1. Enhanced customer conversations

As more companies interact with their customers entirely over digital and voice channels, the realm of voice analytics has expanded to meet companies’ needs. An increase in voice controlled smart-home devices and other applications has also added valuable training data for these analytics so they can more accurately assess the content of spoken words and the voice’s non-verbal characteristics.

Beyond searching for keywords that trigger certain routines in customer service and classify customers, biometrics analysis searches out non-verbal characteristics, such as tone and rhythm of the voice, allowing for deeper insights into the emotional and motivational aspects of customer experience. Companies can also learn about customers’ motivations and impulses through biometric tools equipped with sophisticated machine learning algorithms and a multitude of parameters—all simply by using standard smartphone and laptop technology.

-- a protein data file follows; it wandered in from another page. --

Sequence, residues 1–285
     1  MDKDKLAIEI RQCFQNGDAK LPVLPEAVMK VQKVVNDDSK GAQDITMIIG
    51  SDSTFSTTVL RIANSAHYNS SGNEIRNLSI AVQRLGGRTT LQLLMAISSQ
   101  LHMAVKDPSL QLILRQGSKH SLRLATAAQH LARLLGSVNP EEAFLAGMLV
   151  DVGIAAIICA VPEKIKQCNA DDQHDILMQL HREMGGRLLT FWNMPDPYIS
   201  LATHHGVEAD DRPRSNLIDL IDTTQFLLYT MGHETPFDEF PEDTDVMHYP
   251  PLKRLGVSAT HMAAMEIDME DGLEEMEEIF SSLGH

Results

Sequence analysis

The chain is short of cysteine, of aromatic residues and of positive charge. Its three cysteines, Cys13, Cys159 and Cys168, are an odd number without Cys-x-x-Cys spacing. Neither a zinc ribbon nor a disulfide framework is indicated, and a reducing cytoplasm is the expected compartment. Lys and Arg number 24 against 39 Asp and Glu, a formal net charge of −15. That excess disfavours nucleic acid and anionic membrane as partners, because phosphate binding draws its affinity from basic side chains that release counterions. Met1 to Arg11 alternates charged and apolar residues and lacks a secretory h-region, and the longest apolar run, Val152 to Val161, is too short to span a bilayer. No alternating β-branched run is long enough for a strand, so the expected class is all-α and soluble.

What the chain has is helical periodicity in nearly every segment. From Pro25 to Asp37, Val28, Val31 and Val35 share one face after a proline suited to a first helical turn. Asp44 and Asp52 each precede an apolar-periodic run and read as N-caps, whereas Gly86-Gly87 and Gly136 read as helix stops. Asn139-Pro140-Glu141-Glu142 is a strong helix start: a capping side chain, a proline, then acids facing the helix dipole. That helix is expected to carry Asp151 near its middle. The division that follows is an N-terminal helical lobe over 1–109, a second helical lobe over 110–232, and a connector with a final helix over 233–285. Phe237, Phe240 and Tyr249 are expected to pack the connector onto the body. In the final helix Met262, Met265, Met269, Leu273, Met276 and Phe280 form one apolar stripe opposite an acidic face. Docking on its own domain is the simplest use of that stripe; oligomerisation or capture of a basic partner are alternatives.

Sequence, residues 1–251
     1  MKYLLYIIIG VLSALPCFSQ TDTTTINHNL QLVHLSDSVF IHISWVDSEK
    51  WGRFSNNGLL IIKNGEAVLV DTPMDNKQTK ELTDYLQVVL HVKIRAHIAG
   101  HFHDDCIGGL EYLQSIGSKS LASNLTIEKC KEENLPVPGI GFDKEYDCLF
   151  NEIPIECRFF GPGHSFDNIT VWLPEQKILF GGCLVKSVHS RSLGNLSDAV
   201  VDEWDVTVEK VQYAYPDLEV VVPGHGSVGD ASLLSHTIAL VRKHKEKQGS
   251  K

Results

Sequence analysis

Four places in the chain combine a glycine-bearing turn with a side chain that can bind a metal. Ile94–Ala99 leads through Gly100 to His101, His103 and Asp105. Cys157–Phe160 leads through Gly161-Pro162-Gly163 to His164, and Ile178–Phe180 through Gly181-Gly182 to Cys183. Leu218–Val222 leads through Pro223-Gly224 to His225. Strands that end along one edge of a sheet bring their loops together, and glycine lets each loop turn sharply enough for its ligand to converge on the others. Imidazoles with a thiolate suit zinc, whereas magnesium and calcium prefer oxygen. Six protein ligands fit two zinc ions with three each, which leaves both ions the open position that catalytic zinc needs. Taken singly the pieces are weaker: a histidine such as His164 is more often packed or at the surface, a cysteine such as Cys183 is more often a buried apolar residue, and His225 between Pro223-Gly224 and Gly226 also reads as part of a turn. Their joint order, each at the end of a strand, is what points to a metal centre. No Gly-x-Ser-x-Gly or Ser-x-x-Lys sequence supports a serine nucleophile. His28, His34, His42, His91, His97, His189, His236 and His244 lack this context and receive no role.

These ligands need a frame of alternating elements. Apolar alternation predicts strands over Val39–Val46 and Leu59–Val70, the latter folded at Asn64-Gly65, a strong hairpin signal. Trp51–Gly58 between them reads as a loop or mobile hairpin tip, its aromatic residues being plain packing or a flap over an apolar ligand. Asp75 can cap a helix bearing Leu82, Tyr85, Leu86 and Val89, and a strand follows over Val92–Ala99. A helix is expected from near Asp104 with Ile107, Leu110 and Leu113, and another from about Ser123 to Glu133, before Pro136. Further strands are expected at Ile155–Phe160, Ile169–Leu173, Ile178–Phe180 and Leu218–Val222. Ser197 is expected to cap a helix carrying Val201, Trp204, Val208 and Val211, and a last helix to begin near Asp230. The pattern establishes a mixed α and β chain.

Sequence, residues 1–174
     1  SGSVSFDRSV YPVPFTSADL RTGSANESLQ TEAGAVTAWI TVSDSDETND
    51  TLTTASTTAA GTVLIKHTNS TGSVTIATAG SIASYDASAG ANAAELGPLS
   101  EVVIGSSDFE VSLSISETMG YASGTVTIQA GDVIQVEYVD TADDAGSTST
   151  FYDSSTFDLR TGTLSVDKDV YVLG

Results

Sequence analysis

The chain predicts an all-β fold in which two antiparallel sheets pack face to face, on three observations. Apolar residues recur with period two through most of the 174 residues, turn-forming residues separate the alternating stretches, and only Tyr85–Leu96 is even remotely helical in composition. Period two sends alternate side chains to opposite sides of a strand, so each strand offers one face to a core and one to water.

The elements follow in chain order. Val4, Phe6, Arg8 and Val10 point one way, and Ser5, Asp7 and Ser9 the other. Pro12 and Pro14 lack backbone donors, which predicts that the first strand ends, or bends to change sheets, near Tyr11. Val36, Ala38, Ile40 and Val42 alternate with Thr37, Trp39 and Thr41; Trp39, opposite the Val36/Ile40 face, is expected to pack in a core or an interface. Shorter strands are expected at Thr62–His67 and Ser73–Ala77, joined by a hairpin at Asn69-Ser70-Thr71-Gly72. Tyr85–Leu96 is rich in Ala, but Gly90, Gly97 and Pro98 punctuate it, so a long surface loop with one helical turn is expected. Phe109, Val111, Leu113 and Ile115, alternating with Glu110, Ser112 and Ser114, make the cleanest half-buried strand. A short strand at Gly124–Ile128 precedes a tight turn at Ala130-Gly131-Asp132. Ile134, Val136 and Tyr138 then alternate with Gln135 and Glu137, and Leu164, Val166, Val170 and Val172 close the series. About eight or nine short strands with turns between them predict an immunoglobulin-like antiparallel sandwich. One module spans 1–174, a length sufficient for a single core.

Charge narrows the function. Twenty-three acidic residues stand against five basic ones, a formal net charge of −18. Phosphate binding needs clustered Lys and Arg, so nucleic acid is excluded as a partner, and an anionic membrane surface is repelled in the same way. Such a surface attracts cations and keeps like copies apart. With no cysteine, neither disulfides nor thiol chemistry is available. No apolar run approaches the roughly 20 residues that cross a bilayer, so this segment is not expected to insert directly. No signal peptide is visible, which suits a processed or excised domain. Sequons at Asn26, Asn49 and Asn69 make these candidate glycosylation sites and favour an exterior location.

The startup audEERING developed sensAI technology to detect emotions from recorded audio signals, distinguishing differences between over 50 emotions and accurately predicting gender, age, fitness and other factors. In corporate use, this technology has identified phrases connected to a significant decrease in conversion in phone sales calls and has predicted customers with the highest risk of closing their accounts. These insights then guided companies’ focus on customer retention activities.

Even artists are dreaming up a new set of opportunities using voice technology. In her artist-in-residency at Nokia Bell Labs, fashiontech powerhouse Jasna Rokegem is using voice to detect emotions. She even goes one step further, building prototypes that translate emotions into haptics. (see video above)

Figure 1: Interview lab setup (source: https://imotions.com/neuromarketing)

2. Tracking customer behaviour